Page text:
(Adds details, updates to late morning)
*TSX index lower in choppy session after big early selloff
*Resource shares fall amid worries over demand
*Jitters over global economic outlook persist
By Leah Schnurr
TORONTO, July 3 (Reuters) - The Toronto Stock Exchange’s main index was lower at late morning on Thursday, but well off early lows, as economic concerns nagged and resource shares fell amid worries over demand.
The index fell by more than 1 percent in early dealings, following a 3 percent decline on Wednesday, moving into 13,000 territory for the first time since the beginning of May.
Worries of rising inflation and slower growth set the tone after the European Central Bank cited inflation risks and decided to raise interest rates by a quarter point. But nerves were soothed after the bank cast doubt on further aggressive hikes.
Michael Sprung, president at Sprung & Co. Investment Counsel, said that the comments raised hopes that the U.S. Federal Reserve might not have to raise interest rates to bolster the greenback.
However, Sprung said economic worries were still in the forefront, adding; “Our view is that inflation has become the big concern here and that it’s not going to go away any time soon.”
The S&P/TSX composite index .GSPTSE was down 61.65 points, or 0.44 percent, at 13,972.46 with seven of its 10 main sectors falling. The index hit a low of 13,796.48 earlier.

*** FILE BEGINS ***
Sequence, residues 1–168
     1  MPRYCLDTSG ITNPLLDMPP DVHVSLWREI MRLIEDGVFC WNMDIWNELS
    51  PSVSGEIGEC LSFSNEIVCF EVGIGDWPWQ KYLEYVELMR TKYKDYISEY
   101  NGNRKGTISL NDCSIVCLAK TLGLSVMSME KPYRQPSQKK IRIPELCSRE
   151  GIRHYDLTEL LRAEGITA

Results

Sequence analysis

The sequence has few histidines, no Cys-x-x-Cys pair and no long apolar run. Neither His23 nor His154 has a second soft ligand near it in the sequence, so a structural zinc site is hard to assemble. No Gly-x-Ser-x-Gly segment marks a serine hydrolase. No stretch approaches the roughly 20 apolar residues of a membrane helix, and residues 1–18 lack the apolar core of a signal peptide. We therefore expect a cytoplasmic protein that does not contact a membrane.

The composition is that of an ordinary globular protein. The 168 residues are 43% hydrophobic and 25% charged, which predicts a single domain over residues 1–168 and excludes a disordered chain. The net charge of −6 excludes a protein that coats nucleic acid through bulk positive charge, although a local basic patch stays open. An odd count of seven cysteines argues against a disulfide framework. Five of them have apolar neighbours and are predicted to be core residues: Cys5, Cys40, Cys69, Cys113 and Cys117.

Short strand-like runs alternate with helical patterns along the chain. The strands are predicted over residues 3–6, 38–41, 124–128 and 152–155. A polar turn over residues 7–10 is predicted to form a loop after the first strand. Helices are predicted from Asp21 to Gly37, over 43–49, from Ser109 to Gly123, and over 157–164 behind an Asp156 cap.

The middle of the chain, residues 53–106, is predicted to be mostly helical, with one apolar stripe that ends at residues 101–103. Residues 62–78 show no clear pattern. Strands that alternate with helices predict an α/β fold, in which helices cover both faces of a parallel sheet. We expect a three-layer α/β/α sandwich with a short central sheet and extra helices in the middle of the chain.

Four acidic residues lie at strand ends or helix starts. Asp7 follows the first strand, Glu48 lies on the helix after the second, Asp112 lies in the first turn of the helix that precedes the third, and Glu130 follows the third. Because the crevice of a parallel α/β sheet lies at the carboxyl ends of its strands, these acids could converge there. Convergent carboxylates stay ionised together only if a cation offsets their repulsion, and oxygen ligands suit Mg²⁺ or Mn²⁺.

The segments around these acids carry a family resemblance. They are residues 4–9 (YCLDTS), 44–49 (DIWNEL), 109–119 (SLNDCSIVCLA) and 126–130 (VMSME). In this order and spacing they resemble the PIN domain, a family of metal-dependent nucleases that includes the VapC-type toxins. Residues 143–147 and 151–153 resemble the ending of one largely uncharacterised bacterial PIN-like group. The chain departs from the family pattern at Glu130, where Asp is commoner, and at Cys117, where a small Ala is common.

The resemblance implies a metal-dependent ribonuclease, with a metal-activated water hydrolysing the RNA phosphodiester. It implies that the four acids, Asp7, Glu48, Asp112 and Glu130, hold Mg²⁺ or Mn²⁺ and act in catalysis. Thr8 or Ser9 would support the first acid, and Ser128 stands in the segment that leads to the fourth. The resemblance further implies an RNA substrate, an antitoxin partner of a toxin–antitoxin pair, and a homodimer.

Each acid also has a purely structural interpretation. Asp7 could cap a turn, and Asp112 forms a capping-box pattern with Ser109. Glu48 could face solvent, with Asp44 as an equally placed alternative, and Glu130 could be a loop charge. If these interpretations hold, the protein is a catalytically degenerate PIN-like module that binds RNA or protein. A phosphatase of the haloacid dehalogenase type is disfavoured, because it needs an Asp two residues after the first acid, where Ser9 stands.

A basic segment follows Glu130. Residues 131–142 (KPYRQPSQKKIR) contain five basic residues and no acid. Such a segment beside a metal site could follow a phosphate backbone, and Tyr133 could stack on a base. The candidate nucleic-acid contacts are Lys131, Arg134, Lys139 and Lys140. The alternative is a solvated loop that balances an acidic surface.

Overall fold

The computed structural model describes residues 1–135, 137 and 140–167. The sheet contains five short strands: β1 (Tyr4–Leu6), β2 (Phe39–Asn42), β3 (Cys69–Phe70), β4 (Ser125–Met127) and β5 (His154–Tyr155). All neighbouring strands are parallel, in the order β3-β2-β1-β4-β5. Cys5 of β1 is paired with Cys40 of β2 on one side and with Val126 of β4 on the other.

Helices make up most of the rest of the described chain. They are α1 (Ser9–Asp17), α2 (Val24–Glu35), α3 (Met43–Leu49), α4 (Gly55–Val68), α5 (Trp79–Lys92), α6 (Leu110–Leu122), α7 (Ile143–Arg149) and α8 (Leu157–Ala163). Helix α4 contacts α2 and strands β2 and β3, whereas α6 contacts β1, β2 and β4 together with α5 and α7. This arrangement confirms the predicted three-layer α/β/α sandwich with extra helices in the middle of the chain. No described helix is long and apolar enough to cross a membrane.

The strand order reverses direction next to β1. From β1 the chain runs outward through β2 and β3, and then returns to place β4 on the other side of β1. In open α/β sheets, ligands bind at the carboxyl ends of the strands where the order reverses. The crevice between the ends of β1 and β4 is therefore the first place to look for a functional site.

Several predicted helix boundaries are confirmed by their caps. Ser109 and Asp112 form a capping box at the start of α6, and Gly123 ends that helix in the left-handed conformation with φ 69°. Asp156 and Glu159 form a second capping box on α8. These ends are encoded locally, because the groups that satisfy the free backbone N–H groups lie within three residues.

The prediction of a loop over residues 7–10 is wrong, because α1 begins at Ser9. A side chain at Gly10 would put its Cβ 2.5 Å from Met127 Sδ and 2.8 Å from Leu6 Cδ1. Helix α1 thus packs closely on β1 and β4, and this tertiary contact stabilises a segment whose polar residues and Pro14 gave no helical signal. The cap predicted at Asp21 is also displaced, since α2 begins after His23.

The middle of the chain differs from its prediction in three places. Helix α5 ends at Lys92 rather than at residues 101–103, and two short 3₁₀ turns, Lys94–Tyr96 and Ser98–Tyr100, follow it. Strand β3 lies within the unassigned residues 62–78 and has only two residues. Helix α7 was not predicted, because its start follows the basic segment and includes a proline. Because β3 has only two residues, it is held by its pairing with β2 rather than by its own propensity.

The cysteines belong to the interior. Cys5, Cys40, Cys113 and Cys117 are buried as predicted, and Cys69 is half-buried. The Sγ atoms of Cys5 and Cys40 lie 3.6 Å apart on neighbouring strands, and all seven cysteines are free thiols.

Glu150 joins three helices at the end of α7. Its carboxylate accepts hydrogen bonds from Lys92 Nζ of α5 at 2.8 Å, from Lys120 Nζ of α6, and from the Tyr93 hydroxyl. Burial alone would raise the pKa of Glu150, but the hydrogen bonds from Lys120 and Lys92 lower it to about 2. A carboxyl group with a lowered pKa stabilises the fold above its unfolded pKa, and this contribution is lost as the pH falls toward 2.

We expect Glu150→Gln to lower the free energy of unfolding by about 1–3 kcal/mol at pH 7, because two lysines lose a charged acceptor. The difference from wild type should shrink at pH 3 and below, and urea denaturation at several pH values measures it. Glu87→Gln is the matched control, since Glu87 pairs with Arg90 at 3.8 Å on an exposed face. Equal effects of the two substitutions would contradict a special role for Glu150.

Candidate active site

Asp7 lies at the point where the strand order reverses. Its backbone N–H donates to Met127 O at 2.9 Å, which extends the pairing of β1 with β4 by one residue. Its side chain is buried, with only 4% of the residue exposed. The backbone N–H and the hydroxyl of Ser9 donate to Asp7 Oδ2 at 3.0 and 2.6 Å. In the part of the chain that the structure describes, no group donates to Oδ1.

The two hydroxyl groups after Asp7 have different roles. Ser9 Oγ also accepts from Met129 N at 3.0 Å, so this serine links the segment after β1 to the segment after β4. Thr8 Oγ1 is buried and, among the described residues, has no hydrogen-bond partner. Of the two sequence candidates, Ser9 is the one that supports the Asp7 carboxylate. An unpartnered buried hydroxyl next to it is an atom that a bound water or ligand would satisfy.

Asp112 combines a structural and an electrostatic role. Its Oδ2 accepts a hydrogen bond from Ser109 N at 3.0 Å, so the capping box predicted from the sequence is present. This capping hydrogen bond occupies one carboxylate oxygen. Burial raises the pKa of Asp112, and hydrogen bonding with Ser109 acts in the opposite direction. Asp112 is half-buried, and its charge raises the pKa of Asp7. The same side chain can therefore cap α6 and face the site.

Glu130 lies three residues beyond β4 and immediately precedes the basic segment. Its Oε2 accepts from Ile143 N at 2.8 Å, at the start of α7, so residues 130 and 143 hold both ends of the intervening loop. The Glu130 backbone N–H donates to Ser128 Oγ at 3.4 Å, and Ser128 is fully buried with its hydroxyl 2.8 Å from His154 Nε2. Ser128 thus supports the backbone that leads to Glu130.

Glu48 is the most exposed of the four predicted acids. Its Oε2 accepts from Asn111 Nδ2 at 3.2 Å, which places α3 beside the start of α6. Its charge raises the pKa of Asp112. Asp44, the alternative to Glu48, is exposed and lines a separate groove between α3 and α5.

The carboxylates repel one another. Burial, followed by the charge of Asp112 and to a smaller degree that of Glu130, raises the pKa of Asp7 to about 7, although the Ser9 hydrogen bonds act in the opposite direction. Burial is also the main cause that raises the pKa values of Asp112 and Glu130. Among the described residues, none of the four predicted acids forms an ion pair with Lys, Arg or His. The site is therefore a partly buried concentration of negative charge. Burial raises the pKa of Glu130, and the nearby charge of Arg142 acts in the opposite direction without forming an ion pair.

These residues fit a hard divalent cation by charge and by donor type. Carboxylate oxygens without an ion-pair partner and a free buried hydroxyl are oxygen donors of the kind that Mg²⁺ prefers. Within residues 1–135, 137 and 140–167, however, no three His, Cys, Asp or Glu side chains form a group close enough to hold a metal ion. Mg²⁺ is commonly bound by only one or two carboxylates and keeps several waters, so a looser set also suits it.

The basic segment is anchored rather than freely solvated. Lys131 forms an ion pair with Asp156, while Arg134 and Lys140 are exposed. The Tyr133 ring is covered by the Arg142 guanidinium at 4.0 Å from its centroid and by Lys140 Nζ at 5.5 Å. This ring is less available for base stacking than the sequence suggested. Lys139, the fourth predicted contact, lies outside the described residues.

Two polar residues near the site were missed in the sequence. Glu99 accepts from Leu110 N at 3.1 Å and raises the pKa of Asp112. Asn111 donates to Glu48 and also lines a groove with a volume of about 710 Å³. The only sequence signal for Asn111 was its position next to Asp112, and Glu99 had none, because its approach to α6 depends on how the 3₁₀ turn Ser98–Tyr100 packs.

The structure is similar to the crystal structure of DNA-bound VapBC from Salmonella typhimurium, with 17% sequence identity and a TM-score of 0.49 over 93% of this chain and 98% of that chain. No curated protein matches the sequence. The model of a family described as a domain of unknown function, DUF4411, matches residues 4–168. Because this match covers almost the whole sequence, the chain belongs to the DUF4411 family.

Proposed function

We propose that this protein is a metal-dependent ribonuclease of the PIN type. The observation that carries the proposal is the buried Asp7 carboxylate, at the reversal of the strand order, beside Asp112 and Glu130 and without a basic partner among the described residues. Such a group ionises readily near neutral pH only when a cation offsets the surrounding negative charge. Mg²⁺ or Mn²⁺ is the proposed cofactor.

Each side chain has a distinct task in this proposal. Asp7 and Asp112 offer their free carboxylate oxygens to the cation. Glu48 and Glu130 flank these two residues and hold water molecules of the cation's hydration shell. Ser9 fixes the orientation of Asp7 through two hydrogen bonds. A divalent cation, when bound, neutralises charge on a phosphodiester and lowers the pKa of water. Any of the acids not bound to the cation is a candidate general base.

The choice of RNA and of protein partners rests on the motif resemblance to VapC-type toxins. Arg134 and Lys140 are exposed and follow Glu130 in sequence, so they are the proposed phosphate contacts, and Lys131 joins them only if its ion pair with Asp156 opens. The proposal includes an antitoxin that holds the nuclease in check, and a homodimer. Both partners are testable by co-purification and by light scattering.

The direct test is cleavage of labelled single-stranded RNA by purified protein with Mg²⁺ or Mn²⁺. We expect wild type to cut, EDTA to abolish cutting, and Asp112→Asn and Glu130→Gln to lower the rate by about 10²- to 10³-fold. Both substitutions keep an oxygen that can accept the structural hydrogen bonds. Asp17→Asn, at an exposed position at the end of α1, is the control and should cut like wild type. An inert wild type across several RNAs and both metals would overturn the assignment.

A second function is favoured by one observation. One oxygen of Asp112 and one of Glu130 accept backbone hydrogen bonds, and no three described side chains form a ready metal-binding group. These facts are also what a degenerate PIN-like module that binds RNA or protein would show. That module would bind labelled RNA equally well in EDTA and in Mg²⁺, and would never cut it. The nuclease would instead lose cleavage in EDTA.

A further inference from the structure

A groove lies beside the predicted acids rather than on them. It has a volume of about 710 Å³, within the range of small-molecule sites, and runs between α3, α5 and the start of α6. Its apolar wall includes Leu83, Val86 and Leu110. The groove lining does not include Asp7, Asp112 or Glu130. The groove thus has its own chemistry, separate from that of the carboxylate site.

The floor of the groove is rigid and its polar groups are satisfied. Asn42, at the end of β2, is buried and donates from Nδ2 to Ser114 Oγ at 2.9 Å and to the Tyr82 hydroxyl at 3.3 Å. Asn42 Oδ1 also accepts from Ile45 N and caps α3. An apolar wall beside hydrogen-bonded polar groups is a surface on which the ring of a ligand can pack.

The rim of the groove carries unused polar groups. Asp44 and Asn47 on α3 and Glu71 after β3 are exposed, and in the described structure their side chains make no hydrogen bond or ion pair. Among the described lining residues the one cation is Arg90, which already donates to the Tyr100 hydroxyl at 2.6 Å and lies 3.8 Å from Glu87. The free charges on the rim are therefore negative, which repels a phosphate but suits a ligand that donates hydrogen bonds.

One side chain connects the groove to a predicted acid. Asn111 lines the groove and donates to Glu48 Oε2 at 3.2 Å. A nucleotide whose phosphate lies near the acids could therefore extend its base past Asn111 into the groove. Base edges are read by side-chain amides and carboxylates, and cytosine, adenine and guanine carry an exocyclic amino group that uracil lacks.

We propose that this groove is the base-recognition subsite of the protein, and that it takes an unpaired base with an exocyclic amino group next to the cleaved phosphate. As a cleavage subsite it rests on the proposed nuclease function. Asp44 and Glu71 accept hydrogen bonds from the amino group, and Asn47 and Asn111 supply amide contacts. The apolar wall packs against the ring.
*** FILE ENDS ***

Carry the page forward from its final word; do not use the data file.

Also on the economic front, data out of the United States showed an unexpected contraction in the services sector in June, but a payrolls report added some brightness after it came in close to Wall Street’s expectations.
The market was also concerned about the impact of the rising price of oil on consumers and businesses. Climbing oil had been a key factor in the index’s recent ascent to record high levels as it has boosted energy stocks.
“It’s kind of gone so far that it’s weighing down the rest of the market,” said Keith Summers, chief investment officer at Stonegate Private Counsel, said of high oil prices.
Resource issues led the downside as miners and fertilizer companies fell amid concerns over the impact of red-hot commodity prices on demand. Agrium (AGU.TO) was down C$5.88, or 5.6 percent, at C$99.22, while Fording Canadian Coal Trust FDG_u.TO gave up C$2.06, or 2.5 percent, at C$79.64. Overall, the materials group slid 1.6 percent.
On the upside, the financial sector rose 0.8 percent. National Bank of Canada (NA.TO) was up 69 Canadian cents, or 1.4 percent, at C$49.50, and Royal Bank of Canada (RY.TO) gained 79 Canadian cents Canadian cents, or 1.8 percent, to C$44.79.
Summers said that despite the overall negative tone to the market, he doesn’t expect it to retest the lows seen in January when the index plummeted more than 11 percent over the course of five days.
“I think until the rest of the global market gets settled down, and oil gets under control, we’re going to see a lot more bearish sentiment,” Summers said. ($1=$1.02 Canadian) (Reporting by Leah Schnurr; Editing by Peter Galloway)